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This summer my sisters and I went camping. It was my first time camping in over a decade. Two things stand out to me about the experience. First, the bugs. On the one hand, my newfound love of gardening has given me an appreciation for bugs and their role in our ecosystem and as allies in producing food. On the other hand, bugs are the worst. They were unbearable. In uncharacteristic fashion, I took relish in slathering my body with toxic bug spray. I don’t even want to know what is in that stuff. (Non-toxic bug repellent suggestions are welcome.) Second, the peacefulness. In my daily life, I, like most of us, am constantly bombarded with potential distractions, not the least of which is the perpetual need to fend off unproductive thoughts: Am I doing enough? Am I good enough? Have I made the right choices? But out in the woods, I didn’t think about any of this. It is no surprise that research demonstrates the many cognitive and emotional benefits of being in nature. Walks in the park are good, but camping takes it to another level. There is something about having to get things done, like eat, sleep and repel bugs, without modern conveniences that makes it almost impossible not to live in the present moment.

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What does camping have to do with this spicy cabbage, sausage and white bean soup? Not a damn thing. But I couldn’t bear to find myself writing once again about the school work, and the attempts to find work-life balance, that have been consuming my daily life. No, writing about camping is much more pleasant. And it gives me an opportunity to post some of the photographs I took on the trip.

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I will admit that spicy soup is not really a summer dish. It doesn’t make a lot of sense to be slurping down hot soup in the middle of a sweltering day – and we have had quite a few of those in the past few weeks. I could wait for a chilly day in September to post this soup, but the truth is, this soup is one of the best things that I have ever made in the kitchen. I found myself impatiently waiting to bust out the leftovers each night, in spite of the weather, and I can’t wait to share the recipe with all of you.

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This recipe has been in the works for a few months now. I started working on it, you know, in the winter, when normal people eat soups. But I continued making it several times over the spring and summer because it makes good use of leftover summertime ingredients: cabbage leftover from my favourite fish taco slaws and sausages leftover from M’s favourite summer barbeques. This time, I decided to add some jalapeños that needed using up, and the heat from these peppers is really what makes this soup into something extraordinary. You can skip it if you don’t like spicy, but you would be missing out.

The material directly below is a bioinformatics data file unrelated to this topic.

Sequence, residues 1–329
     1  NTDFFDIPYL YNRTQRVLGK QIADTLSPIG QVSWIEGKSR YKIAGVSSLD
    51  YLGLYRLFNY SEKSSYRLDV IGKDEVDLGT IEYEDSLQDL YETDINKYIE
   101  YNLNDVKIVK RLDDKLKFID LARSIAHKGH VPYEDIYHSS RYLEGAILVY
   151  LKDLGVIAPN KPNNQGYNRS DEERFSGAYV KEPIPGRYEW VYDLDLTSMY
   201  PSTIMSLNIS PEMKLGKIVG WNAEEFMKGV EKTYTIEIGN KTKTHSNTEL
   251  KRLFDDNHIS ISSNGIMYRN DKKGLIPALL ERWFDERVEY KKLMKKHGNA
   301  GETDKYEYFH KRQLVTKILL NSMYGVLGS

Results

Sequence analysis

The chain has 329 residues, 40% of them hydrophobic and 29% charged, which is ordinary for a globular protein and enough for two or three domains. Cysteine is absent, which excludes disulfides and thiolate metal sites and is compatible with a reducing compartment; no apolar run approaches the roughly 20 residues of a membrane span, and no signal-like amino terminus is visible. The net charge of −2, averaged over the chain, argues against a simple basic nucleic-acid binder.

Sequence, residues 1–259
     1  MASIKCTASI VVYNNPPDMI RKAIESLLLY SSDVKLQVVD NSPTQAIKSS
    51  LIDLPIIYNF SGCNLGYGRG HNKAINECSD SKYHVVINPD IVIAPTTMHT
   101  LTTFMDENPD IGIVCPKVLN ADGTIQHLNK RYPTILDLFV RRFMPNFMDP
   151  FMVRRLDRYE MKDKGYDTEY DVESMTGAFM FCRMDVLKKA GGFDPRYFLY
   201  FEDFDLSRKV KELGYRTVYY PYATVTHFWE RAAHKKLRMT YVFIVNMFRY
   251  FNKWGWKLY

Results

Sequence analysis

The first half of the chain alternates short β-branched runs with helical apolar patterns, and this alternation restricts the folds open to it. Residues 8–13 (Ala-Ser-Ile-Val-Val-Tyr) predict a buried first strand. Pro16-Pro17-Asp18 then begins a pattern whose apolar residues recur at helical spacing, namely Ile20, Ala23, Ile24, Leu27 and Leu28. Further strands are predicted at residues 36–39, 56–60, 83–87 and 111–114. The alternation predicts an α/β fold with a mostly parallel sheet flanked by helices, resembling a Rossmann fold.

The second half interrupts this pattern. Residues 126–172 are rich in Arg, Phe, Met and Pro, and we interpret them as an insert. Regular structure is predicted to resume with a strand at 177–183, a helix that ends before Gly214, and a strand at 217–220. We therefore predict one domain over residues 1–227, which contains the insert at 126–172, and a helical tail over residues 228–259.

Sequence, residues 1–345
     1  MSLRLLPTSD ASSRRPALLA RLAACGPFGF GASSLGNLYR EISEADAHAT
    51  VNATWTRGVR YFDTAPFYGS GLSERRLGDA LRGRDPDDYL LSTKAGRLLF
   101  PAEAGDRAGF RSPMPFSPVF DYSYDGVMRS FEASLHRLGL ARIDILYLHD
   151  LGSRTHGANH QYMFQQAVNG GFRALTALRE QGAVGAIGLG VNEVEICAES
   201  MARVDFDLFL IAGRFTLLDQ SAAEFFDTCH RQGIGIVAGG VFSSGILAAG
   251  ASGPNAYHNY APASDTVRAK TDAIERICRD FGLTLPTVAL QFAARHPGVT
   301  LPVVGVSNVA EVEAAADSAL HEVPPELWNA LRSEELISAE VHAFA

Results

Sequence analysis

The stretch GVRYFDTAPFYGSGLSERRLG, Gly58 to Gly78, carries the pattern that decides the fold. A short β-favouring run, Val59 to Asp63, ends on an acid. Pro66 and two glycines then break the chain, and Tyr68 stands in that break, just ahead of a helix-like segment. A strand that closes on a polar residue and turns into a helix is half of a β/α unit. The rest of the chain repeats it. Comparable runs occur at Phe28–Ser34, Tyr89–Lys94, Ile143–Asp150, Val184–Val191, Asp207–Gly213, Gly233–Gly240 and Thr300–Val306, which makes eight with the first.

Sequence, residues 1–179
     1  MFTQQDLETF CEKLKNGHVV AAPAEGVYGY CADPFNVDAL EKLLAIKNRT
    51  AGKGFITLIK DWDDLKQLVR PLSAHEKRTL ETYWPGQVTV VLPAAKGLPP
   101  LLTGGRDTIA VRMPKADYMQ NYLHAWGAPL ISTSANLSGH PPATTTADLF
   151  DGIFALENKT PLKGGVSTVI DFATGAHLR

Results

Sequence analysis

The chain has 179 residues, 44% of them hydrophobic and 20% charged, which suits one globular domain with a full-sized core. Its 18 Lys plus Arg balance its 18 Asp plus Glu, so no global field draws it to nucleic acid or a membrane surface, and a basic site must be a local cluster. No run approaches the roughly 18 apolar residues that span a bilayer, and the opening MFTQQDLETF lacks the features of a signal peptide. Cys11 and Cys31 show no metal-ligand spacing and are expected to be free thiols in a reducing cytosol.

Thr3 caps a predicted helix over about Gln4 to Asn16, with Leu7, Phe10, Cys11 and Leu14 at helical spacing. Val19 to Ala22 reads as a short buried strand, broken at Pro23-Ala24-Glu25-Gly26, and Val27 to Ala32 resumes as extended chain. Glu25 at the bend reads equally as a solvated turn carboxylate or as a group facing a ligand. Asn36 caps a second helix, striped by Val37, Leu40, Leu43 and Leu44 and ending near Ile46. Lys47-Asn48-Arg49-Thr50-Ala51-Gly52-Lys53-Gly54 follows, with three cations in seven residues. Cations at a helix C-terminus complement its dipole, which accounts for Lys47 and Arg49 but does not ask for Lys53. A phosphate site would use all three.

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When it comes to beans, I always use dry. They work out to be cheaper if you cook with beans often, they allow you to avoid potential toxin exposure from BPA in can linings, and I find they just taste better. The trick is, though, to remember to soak them the night before and cook them before you start supper. If you forget, or if you are otherwise pressed for time, using canned beans cuts down on the cooking time for this recipe significantly.

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Spicy Cabbage, White Bean, and Sausage Soup

Serving Size: 6-8

Ingredients

  • 3/4 cup dried navy beans, (or, about 2 15 oz cans)
  • olive oil
  • 3 sausages*, chopped into bite sized pieces
  • 1/2 large red onion, diced
  • 1-2 jalapeños**, finely chopped
  • 4 garlic cloves, minced
  • 1/2 head cabbage, thinly sliced
  • 10 cups low-sodium chicken stock
  • salt and pepper to taste
  • 1 teaspoon celery seeds
  • handfull fresh basil, chopped
  • few sprigs of fresh thyme leaves, chopped
  • parmesan cheese, grated

Instructions

  1. (Skip this step if using canned beans.) The night before making the soup, place beans in a medium sized bowl, cover with water, and let sit overnight. Drain beans, place in a medium saucepan and cover with water. Bring to a boil, then lower the heat and allow beans to simmer until soft, about 1 1/2 to 2 hours. Drain beans and set aside. This step can be done in advance.
  2. When ready to make the soup, put olive oil in a large stockpot over medium heat. Add sausage and saute till golden brown on all sides. Remove sausages from the pot and set aside.
  3. Add onion and jalapeño, stir to incorporate the sausage flavour from the bottom of the pan, saute until translucent, about 5 min. Add the garlic and continue cooking for a for another 2-3 minutes. Add the sliced cabbage and cook for another 5-7 minutes. Add the chicken stock, sausage, basil, thyme, celery seeds and season with salt and pepper to taste. Bring the soup to a boil; reduce the heat to medium and allow to simmer for 20 minutes minutes, adding the beans in the last few minutes of cooking.
  4. Serve the soup topped with the grated parmesan. I also served mine with Peter Reinhart’s amazing focaccia bread .

Notes

* Any type of sausage will do.

** I used two jalapeños, seeds and all. It was a very spicy soup, which we like around here, but if you aren’t so keen on heat, use only one and/or remove the seeds.

http://themakermakes.com/spicy-cabbage-white-bean-and-sausage-soup/